Kenrick Goh has incorporated a unique combination in his teaching method—the philosophy of Taichiquan! He tells us what he found similar in the two ancient practices—Yoga and Taichi—and how he blends them in his classes. What made you start yoga?
I started yoga years ago as a form of cross training when I was competing in National and International Taichiquan competitions. It helped me improve my flexibility, as well as release the tension from my intense trainings.
What inspired you to become a yoga teacher in Singapore?
Yoga has taught me a lot about taking care of myself beyond the physical. My learnings on the mat extend into my life, both mentally and emotionally. Being a homegrown Singaporean, I wish to share my transformational experience with the people who are living on this beautiful land.
Tell us more about the unique form of yoga you teach. What made you introduce this?
I mostly teach Forrest Yoga (founded by the internationally acclaimed yoga teacher and healer Ana Forrest) and Yin Yoga. However in all my classes, I share the approach of seeking balance between Yin and Yang energy within each pose, regardless of it being a dynamic or passive practice. Through my years of practicing Yoga and Taichiquan, I realised some similarities in the techniques between the two, which are complementary. A case in point is the technique of “Sinking”. In yoga, students are often taught to feel grounded as their feet press down during a standing pose. But their legs tend to be either overly engaged or inactive. I incorporated the concept of sinking from the philosophy of Taichiquan to explain what a grounded pose should feel like. Through constant explorations, one is eventually able to relax into poses without collapsing the body.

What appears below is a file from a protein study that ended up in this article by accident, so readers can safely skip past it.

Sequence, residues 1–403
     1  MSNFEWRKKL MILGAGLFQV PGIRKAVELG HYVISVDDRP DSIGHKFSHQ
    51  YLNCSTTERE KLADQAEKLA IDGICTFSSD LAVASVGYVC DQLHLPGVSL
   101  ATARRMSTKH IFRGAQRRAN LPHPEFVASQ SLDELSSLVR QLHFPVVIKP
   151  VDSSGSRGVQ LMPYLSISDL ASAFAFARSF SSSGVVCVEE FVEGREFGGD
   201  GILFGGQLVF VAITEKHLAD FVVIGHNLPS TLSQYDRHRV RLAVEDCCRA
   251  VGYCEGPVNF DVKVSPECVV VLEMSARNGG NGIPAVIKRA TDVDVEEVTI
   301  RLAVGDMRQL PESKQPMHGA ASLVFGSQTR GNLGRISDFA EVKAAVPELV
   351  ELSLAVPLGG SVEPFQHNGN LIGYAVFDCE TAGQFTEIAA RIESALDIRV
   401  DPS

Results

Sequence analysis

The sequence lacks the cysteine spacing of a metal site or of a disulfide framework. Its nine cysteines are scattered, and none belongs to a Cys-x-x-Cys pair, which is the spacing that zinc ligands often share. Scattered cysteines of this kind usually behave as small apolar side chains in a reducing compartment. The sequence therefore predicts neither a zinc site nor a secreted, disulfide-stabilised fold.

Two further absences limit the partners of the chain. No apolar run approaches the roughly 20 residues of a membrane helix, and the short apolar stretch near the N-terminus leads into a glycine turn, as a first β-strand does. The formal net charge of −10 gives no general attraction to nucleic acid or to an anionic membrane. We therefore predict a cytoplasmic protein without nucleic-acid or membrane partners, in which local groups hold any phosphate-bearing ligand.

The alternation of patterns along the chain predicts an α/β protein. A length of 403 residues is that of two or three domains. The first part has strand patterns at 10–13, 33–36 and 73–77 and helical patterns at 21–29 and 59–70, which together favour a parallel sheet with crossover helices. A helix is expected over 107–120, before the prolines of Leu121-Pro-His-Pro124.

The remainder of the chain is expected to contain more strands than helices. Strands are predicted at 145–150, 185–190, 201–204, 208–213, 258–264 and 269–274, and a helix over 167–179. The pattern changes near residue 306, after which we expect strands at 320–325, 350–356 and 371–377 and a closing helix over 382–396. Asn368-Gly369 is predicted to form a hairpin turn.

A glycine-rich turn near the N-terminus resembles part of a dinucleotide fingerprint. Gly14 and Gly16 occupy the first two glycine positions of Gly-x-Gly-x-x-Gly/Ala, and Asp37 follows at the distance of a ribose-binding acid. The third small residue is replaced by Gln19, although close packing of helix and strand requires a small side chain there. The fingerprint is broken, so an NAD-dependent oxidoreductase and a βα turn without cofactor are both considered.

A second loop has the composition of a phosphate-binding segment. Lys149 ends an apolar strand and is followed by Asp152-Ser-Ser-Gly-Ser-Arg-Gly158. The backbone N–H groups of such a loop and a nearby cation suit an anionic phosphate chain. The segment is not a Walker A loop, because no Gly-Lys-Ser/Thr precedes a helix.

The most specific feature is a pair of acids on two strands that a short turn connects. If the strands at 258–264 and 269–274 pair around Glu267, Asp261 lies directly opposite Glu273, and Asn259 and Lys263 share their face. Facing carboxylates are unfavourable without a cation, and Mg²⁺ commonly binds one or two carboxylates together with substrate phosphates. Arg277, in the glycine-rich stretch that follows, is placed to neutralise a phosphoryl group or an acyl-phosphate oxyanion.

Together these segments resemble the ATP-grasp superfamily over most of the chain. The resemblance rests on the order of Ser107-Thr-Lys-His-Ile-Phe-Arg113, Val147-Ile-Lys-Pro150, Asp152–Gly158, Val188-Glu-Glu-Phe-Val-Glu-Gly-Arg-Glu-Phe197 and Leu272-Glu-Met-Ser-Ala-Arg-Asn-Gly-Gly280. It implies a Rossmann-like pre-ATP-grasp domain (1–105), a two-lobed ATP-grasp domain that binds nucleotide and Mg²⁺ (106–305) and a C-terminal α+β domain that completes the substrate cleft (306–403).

Do you feel that more men are taking to yoga?
I get 1-2 male students on an average per class. But it really depends on where the classes are conducted. There is typically a higher percentage of men attending my yoga class in fitness centres as compared to yoga studios. However, I do feel that there is an overall increase in men attending yoga classes.
Why do you think men don’t embrace the mat like women do?
Yoga was practiced mostly by men in the early times. However, all around the world today, it has somehow got projected with a more feminine image, which pushes men away. I believe that if one has tasted the goodness of yoga, he or she will be less intimidated by what they cannot do and how they look in a pose, and will embrace the practice better.
Kenrick teaches at Comoshambala, Freedom Yoga and Ziva Yoga in Singapore.